A few weeks ago I made the terrible decision to take a look at the newly-released 1940 US Census. It was eleven-o-clock at night.
I was determined to find more about the family who built my house. The scant information I had wasn’t bearing any good fruit through Google (gasp!) but surely the census would do the trick.
At two-o-clock in the morning I was still wrestling with the buggy census interface, windows crashing left and right. When I did manage to load a page, my attempts to scan for names were stymied by the scrawlingly-illegible handwriting. I envisioned an elderly gentleman balancing his clipboard precariously on his elbow as he hastily jotted down his respondent’s information. Little did he know that seventy years later a sleep-deprived scholar would be appraising his work with an “Aaarg!”
Needless to say, I didn’t learn very much.
If I could design a dream app, it would be something that could clamp on to a geographical location, compile every morsel of information about that site, and generate a logical, elegant timeline of its history, something like Facebook’s version, but for a specific address, or heck, a coordinate.
Just think. What if every existing photograph could be retroactively labeled with a GPS coordinate? What if search engine technology was intelligent enough to divine a reference to a specific location just by the context of words around it?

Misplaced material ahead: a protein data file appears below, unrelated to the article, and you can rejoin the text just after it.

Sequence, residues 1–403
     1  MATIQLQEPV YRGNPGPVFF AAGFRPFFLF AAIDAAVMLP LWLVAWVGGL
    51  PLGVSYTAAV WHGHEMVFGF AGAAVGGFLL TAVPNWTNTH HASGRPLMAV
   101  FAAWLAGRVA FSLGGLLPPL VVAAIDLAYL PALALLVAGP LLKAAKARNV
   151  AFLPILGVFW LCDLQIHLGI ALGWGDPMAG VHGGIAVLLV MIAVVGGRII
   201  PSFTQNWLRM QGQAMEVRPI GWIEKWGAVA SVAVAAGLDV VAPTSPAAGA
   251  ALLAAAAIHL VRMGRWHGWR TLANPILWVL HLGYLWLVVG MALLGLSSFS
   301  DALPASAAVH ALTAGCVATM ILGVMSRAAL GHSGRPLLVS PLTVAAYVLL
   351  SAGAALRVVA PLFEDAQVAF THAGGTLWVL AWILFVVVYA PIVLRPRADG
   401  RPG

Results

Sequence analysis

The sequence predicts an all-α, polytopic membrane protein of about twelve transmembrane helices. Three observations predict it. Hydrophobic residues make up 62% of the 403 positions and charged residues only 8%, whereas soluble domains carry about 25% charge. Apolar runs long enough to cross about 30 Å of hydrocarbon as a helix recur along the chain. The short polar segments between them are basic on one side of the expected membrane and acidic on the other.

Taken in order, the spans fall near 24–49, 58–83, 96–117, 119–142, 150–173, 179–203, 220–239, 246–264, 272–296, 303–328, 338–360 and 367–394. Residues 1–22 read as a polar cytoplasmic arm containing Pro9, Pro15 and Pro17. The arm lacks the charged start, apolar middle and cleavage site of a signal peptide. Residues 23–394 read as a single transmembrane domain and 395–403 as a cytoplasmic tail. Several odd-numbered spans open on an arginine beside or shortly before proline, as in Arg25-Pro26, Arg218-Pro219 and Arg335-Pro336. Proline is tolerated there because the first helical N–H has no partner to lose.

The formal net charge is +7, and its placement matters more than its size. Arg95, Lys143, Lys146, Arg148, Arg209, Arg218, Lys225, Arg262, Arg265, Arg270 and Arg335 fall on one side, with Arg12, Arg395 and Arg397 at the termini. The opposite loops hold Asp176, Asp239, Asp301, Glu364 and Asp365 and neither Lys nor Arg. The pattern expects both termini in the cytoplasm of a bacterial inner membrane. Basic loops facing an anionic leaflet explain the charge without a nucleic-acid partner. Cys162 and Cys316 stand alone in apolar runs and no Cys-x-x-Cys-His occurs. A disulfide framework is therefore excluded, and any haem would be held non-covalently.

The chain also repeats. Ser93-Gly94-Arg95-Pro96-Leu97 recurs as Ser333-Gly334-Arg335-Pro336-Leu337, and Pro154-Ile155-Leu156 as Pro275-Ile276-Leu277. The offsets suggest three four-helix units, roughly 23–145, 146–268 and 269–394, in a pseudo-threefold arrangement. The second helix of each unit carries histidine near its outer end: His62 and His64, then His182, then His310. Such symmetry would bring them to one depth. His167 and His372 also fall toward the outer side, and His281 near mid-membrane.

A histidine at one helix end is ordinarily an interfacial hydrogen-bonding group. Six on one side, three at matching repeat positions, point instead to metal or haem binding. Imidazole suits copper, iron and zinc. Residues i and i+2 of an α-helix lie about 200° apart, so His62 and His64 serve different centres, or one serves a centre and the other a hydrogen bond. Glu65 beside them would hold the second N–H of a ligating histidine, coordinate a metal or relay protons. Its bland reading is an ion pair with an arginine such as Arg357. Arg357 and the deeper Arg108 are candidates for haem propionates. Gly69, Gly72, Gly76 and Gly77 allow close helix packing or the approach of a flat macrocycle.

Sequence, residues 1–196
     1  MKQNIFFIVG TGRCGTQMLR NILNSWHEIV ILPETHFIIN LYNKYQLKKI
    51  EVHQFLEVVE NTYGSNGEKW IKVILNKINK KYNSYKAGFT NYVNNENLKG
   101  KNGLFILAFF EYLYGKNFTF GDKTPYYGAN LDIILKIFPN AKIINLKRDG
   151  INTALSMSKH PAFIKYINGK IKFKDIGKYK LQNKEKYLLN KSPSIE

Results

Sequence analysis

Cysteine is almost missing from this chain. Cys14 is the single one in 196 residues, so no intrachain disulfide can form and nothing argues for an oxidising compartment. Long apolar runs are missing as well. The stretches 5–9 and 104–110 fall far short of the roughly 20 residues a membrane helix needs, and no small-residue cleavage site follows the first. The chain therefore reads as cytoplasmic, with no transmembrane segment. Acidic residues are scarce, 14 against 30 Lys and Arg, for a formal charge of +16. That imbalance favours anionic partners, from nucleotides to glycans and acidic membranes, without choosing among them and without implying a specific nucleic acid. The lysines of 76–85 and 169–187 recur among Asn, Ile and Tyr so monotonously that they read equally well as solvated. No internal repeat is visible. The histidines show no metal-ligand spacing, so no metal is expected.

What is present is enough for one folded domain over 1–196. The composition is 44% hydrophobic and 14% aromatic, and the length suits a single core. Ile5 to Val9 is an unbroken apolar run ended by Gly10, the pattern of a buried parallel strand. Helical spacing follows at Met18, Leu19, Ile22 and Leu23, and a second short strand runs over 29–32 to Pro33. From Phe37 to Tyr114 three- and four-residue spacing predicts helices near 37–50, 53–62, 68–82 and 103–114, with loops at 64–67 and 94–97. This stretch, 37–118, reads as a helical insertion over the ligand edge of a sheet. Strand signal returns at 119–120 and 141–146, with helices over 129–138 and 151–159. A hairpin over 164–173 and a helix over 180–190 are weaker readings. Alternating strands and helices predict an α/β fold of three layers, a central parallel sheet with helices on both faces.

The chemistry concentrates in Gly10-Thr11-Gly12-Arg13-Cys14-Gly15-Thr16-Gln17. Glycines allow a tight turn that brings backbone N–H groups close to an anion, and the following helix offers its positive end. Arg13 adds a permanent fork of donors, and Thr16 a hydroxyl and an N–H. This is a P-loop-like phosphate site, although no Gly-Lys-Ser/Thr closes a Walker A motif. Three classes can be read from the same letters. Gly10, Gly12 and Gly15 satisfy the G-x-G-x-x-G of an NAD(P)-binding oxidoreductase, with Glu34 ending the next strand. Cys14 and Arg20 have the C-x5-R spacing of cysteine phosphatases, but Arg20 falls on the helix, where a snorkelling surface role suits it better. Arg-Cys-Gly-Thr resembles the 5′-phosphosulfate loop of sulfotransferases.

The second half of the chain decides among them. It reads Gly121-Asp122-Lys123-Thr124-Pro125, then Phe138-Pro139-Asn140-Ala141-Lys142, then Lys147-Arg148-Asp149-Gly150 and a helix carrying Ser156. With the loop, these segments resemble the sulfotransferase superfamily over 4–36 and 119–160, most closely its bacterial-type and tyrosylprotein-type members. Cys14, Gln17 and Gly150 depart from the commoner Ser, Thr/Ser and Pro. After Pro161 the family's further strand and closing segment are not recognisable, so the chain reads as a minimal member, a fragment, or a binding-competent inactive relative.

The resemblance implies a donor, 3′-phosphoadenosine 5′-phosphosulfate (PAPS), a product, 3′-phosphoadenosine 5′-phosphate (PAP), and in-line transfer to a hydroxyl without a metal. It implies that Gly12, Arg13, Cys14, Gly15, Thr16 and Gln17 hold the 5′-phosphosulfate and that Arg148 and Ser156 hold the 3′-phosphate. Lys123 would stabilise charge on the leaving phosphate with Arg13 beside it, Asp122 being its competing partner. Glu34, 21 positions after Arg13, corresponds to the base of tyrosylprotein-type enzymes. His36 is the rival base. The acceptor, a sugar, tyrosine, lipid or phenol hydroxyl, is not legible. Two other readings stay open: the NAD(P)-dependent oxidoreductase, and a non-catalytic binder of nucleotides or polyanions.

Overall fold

Let’s say Maggie May Sue wrote in her 1875 journal, “We came to a spot near the Platte, a great swath of grass two miles south of town, and there first laid eyes upon the mountains.” In 2009, an employee at a Colorado archive scans that page and enters it into an online database. My geo-timeline app would catch the word “Platte” and use survey maps to narrow down which “grassy swath” Maggie May was standing in. I could go to that spot (or simply enter the coordinates) and her journal entry would pop up along with any others, plus photographs, maps, and, yes, even census information.
Nirvana for a history buff! I could go on a hike to some remote wilderness lake and, if I could bear turning on any electronic device to begin with, take a look at who else had been there, what incidents had happened, whether a structure ever stood there, and if so, what it looked like.
My reverence for a place increases the more I know about it. It humbles me to think of the generations of people who have stood where I stand. I wonder about the hand that once held the nail in this wall, about the bones that might lay forgotten beneath this soil.
All right, so no amount of technology will ever unearth information that has never been recorded. An iPhone isn’t an archaeologist, after all. Still, with the vast amount of data ever growing online, perhaps my dream app could be a useful thing.
It would’ve rescued me from that darn census, anyway.